My brother, Richard Earle, stated that, regarding genealogy, he was only interested in the living, not the dead. Me, I think the dead give you far less hassle than the living and detecting their relationships and history is a fascinating and rewarding pastime. If you like detecting, that is.
And I do; witness my life-long ambition to be a writer of thriller and crime novels.
By the time I got to the UK to sort out my dear departed aunt’s possessions, churches had long since surrendered their parish records, firstly to dusty libraries in the county seats, then, as material exceeded space, and we edged into the digital age, to especially built centres to house these precious records and to transfer and transcribe them to microfiche and then to digital.
A lot of this material was free to the world until specialists started blocking it for their own financial ends where you have to pay for access. It is a mystery to me how these records were released to them in the first place and how the original holders were compensated in the second.
Be that as it may – what a wonderful expression; you can avoid an argument, not admit agreement or otherwise and still add your own opinion – I gave myself a week to explore the HAMPSHIRE COUNTY RECORDS OFFICE in Winchester.
Although I had/have a friend in Southampton who, it turned out, would have put me up, I established myself in the town of Stockbridge, eight miles from the city, being the nearest I could find, at Carbury House for the reasonable price of £25-00 a night. (Compare that to the equivalent of £5-50 I was charging at my Backpackers back in South Africa.) Stockbridge is a pretty little town with a long main street under which several trout streams pass. It made for a pleasant evening stroll to select any one of several diverse restaurants for supper.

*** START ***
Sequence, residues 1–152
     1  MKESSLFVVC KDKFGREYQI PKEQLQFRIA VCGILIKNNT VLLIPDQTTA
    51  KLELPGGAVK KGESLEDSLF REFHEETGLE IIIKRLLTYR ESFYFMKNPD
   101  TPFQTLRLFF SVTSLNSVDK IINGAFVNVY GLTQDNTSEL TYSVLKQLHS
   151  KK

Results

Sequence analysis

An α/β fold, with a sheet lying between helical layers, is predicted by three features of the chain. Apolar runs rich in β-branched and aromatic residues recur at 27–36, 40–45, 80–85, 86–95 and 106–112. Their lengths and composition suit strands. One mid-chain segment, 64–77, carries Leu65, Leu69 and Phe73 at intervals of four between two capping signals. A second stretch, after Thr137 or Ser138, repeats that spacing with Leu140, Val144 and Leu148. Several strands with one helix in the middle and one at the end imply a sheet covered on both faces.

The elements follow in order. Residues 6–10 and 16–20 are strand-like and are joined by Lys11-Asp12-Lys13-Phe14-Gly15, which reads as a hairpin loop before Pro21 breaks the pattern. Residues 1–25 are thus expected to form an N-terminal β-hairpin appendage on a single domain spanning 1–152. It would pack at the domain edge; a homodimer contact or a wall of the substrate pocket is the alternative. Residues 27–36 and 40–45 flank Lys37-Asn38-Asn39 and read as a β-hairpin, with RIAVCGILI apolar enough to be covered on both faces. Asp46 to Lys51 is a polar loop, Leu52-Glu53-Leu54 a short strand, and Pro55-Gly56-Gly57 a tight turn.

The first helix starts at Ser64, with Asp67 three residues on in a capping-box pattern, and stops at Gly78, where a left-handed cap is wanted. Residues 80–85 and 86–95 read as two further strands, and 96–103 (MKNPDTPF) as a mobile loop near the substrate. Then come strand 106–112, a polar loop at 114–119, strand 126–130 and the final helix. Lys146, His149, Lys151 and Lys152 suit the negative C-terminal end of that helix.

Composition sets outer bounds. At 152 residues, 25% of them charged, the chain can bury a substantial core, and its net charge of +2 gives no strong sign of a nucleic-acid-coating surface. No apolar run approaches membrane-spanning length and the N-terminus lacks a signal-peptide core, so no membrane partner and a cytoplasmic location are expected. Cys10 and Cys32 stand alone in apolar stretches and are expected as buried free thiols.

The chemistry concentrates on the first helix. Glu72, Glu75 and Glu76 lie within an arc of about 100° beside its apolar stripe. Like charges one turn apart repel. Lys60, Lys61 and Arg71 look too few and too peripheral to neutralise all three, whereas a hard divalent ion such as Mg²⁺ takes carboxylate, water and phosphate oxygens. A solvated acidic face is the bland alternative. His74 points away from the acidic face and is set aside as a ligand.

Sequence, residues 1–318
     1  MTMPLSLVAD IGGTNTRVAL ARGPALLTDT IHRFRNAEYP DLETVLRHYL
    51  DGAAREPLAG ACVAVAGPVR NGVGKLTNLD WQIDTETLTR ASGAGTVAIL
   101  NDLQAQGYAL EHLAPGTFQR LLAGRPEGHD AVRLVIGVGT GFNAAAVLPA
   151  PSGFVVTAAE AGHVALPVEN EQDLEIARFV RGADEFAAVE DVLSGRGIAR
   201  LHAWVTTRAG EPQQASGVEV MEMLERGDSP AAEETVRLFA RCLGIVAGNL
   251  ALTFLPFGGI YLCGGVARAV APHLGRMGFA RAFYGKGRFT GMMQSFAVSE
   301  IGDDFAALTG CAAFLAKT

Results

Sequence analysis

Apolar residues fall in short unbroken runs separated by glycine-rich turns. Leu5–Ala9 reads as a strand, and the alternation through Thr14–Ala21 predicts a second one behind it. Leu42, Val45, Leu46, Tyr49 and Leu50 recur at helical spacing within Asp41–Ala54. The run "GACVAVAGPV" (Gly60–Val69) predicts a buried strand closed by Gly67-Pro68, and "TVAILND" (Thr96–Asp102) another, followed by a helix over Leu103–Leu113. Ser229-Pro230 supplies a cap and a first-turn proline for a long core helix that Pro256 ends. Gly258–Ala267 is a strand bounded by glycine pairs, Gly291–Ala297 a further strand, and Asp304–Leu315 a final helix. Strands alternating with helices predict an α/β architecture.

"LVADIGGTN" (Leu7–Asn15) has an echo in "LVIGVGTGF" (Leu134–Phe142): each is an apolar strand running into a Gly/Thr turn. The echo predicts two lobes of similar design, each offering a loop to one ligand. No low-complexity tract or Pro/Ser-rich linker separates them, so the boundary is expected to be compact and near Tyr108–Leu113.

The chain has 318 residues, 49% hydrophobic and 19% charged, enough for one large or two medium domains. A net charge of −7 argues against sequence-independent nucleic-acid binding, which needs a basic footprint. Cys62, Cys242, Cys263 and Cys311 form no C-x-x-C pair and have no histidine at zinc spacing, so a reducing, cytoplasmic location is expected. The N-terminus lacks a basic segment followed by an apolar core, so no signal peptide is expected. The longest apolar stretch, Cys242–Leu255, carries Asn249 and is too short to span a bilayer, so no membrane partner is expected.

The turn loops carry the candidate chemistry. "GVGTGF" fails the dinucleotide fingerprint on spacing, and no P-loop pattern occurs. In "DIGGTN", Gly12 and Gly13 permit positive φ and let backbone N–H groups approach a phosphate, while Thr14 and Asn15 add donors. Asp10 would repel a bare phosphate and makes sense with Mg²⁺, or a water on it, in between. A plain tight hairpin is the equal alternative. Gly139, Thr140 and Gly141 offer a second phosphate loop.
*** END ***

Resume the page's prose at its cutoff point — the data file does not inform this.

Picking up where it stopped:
Starting out at 09h00 every day to avoid the rush hour, I could choose a different route to vary the scenery to get to the CRO on the edge of Winchester, opposite of which was a convenient multi-storey carpark.
The front desk was very helpful on my first day, a Friday, where I paid a modest fee as a temporary reader and was given a pencil with strict instructions to use nothing else. A hermetically sealed door separates the reception from the main hall containing the help desk, then 4 computer terminals (at that time), relevant book shelves, banks of micro-fiche machines and parish record indexes. Indices? At the far end of the hall is another desk at which one can order manuscripts that are brought from even more dust-free, temperature and humidity controlled vaults. Gloves provided, of course.